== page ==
On April 13, NASA made a startling announcement: Underneath its icy surface, Saturn's moon Enceladus may be home to a chemical reaction that could provide the right conditions for life. "This is the closest we've come, so far, to identifying a place with some of the ingredients needed for a habitable environment," said the space agency's Thomas Zurbuchen in a statement. The definition of "habitable" depends very much on the kind of life you're talking about (especially when the potentially life-supporting activity is happening underwater). Human beings aren't going to be setting up shop on Enceladus anytime soon. Which means we are, for now, stuck on Earth, with its changing climate and all the rest.
It's a good thing, then, that automakers are getting serious about electric vehicles (EVs). Environmentalists have long hailed such cars as a greener alternative to gas-powered cars. But their viability has been limited by issues like driving range, affordability and the sometimes questionable decision-making of major automakers. General Motors' Chevrolet Bolt represents a sea-change in all these areas: it'll do over 200 miles on a single charge, it starts at just $35,000 before federal and state incentives, and the company once accused of killing the electric car is making Bolts readily available to as many customers as it can.
Driving the Bolt feels simultaneously transformative and prosaic. At first, you can't help but think you're in a car somehow delivered from the future. I became convinced that EVs are primed to explode in popularity, especially once people realize how much fun they can be to drive. Unlike in a gas-powered car, an all-eletric delivers power the instant you ask for it. The Bolt is like a zippy sports car in economical suiting. And, as with hybrids before it, you start to make a game out of recharging the battery via the Bolt's regenerative breaking feature that converts some energy into useable electricity.
But after a while, all that world-changing mumbo-jumbo fades into the background. Once you get a feel for it, the Bolt drives like your typical sporty crossover. (One difference: There's no engine shudder at high speeds, making it easy to absent-mindedly hit the upper 80s in a 55-mile-per-hour zone.) It's a smooth ride, it's unexpectedly roomy, and its infotainment system works well with your smartphone.
The Bolt isn't a head-turner from the outside. That's not to say it's ugly, but rather there's nothing about it that screams "I'm from the future," a design pitfall that afflicts many electric and even hybrid vehicles. (It looks nothing like, say, GM's vision for its ground-breaking Volt concept from a few years back.) That, says lead designer Stuart Norris, was an intentional choice: "We very conscious of not wanting to make the car look like a science fair project, which I think many other electrified entries have a tendency to do."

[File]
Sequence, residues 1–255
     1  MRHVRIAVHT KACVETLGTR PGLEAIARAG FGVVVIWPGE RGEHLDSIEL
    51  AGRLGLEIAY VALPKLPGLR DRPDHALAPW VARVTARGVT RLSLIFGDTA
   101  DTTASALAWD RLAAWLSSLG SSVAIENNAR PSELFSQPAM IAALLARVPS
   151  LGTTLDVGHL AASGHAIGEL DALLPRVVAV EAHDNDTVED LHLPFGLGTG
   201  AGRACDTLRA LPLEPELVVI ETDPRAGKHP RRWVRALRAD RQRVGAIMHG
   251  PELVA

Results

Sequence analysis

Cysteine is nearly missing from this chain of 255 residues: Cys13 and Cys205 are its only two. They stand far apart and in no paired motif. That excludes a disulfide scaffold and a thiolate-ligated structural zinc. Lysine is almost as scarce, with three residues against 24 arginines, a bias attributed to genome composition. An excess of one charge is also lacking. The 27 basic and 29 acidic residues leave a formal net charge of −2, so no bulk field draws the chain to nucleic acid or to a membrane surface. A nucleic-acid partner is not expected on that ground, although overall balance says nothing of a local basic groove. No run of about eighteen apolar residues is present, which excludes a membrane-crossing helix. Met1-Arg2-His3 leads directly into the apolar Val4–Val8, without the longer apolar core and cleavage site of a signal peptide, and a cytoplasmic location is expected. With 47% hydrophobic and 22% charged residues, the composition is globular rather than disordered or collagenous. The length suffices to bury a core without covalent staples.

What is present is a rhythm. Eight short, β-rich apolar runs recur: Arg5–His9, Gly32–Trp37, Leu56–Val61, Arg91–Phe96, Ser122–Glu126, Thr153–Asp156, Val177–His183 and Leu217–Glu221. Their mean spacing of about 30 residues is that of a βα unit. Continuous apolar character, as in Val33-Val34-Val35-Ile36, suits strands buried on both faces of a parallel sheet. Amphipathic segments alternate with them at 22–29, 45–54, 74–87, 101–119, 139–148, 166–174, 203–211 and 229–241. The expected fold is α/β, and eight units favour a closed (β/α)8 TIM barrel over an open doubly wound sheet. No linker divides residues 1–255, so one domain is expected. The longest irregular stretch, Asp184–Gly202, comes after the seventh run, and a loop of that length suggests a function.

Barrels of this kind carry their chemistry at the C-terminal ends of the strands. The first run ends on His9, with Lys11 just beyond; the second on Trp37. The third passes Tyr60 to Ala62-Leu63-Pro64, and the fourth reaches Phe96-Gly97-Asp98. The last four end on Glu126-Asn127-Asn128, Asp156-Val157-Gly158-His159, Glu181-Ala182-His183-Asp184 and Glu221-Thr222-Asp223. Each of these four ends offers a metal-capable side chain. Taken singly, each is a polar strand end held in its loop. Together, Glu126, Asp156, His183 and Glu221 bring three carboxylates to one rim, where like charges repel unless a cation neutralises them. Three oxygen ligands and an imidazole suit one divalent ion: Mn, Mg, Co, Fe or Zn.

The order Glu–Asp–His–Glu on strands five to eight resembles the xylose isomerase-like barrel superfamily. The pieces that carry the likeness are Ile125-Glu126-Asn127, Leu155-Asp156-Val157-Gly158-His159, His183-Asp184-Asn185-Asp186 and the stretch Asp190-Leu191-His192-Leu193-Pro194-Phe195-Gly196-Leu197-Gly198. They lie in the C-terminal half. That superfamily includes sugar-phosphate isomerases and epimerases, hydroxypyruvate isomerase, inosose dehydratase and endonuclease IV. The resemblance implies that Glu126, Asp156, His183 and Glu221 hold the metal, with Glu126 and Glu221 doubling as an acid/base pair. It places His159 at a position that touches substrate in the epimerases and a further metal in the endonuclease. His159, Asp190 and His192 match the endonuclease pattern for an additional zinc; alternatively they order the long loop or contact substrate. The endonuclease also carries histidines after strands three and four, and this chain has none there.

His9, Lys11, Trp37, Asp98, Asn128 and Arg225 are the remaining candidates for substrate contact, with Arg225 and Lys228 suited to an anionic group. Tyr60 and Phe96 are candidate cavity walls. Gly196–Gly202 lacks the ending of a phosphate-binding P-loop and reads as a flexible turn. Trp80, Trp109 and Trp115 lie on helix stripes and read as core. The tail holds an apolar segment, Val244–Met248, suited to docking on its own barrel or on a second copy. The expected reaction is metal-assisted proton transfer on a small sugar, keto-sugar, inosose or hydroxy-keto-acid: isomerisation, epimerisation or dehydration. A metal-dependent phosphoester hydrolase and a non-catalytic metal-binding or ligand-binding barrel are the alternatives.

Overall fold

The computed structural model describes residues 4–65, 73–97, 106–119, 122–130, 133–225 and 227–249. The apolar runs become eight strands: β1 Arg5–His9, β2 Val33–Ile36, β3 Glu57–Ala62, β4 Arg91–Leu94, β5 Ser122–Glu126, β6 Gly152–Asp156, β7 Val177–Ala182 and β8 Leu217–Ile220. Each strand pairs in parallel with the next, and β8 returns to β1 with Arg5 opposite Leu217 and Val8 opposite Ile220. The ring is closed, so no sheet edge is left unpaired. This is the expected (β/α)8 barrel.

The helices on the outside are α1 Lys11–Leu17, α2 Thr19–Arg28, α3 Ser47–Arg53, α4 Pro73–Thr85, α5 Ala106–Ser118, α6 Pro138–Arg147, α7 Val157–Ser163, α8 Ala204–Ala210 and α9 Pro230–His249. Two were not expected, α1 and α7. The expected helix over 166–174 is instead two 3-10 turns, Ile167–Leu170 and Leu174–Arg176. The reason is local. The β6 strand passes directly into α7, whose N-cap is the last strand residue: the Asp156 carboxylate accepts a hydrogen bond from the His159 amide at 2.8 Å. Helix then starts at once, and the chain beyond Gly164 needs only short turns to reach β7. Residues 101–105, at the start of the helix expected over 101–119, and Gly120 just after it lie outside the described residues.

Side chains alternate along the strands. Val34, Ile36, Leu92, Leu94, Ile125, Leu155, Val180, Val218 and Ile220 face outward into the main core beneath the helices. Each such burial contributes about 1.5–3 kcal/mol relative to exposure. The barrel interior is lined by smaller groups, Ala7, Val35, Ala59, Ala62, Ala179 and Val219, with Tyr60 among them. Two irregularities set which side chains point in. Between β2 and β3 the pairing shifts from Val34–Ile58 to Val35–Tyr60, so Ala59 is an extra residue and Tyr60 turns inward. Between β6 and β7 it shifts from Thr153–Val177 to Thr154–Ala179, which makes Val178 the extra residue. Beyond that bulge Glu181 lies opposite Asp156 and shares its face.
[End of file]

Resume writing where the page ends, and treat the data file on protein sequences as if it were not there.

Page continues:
As accomplished as the Bolt is, it may not be an ideal choice for everybody—the case for any of the currently available EVs, no matter the nameplate. I couldn't exactly throw an extension cable down to the street from my fourth-floor Brooklyn apartment, for instance. Battery performance can be severely impacted by extreme temperatures, so the Bolt might be fine in San Diego, but less capable in Buffalo. Even with 200-plus miles of advertised range, road trips will require some logistical planning and, probably, compromises.
The Bolt has hidden costs, too. While it's possible to recharge it via a standard outlet, most buyers will probably want to spend the extra money to install a 240-volt charging station, which will dramatically reduce the recharge time. (The station costs $699 from a Chevy dealership, plus the cost of installation.) On a standard outlet, the Bolt sucks up 4 miles per hour of charging and on a 240 system it charges 25 miles per hour.
But for many drivers, EVs like the Bolt are an increasingly practical choice. The car's 200-mile range is more than enough for daily commuters, who might also appreciate its one-pedal driving mode in stop-and-go traffic. There are now more than 15,000 charging stations throughout the U.S., and that number is growing. Just this week, the National Park Service announced that it's partnering with BMW to install chargers in parks across the country. And if anything good came out of Volkswagen's Dieselgate scandal, it's that the company has agreed to invest $2 billion in EV chargers across the country.
Some observers have called the "greenness" of EVs like the Bolt into question. They raise good points: If the source of your electricity is dirty (such as coal), then you're just shifting the pollution point from your internal-combustion engine to some nearby power plant. The mineral mining required to make the batteries on which these cars rely have their own environmental consequences, too. That said, it's hard to conclude that mass adoption of EVs wouldn't be a net positive for the planet—even if they're not necessarily a silver bullet for climate change.
Much has been written about the Bolt representing a make-good for GM's ill-fated EV1. But that misses the point. The big question about EVs is how much consumers want them. Data that show interest in EVs is remaining steady even as fuel prices drop. That means the race to build mass market electrics might actually add up to meaningful change. For consumers who have really been waiting for an electric car that's both practical and affordable, the Bolt is the most convincing option so far.